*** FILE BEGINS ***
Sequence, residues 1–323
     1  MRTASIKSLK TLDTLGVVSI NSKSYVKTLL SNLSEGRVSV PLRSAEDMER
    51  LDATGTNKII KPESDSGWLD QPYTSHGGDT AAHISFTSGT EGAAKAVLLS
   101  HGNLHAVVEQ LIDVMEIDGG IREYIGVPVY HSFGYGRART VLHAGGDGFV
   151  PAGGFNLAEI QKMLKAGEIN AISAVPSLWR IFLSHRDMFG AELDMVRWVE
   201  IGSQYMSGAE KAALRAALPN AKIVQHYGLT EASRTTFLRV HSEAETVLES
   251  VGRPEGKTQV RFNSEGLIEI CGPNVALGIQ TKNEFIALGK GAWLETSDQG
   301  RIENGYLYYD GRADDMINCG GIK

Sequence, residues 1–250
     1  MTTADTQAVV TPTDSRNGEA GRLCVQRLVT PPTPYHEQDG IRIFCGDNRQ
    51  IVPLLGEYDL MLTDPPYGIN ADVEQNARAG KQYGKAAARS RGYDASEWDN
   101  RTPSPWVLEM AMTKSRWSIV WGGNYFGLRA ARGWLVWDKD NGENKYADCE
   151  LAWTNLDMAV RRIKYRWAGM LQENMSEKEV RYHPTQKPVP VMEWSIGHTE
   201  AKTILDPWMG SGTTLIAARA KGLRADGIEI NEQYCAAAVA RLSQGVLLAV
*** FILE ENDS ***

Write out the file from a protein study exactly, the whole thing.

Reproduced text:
Sequence, residues 1–323
     1  MRTASIKSLK TLDTLGVVSI NSKSYVKTLL SNLSEGRVSV PLRSAEDMER
    51  LDATGTNKII KPESDSGWLD QPYTSHGGDT AAHISFTSGT EGAAKAVLLS
   101  HGNLHAVVEQ LIDVMEIDGG IREYIGVPVY HSFGYGRART VLHAGGDGFV
   151  PAGGFNLAEI QKMLKAGEIN AISAVPSLWR IFLSHRDMFG AELDMVRWVE
   201  IGSQYMSGAE KAALRAALPN AKIVQHYGLT EASRTTFLRV HSEAETVLES
   251  VGRPEGKTQV RFNSEGLIEI CGPNVALGIQ TKNEFIALGK GAWLETSDQG
   301  RIENGYLYYD GRADDMINCG GIK

Sequence, residues 1–250
     1  MTTADTQAVV TPTDSRNGEA GRLCVQRLVT PPTPYHEQDG IRIFCGDNRQ
    51  IVPLLGEYDL MLTDPPYGIN ADVEQNARAG KQYGKAAARS RGYDASEWDN
   101  RTPSPWVLEM AMTKSRWSIV WGGNYFGLRA ARGWLVWDKD NGENKYADCE
   151  LAWTNLDMAV RRIKYRWAGM LQENMSEKEV RYHPTQKPVP VMEWSIGHTE
   201  AKTILDPWMG SGTTLIAARA KGLRADGIEI NEQYCAAAVA RLSQGVLLAV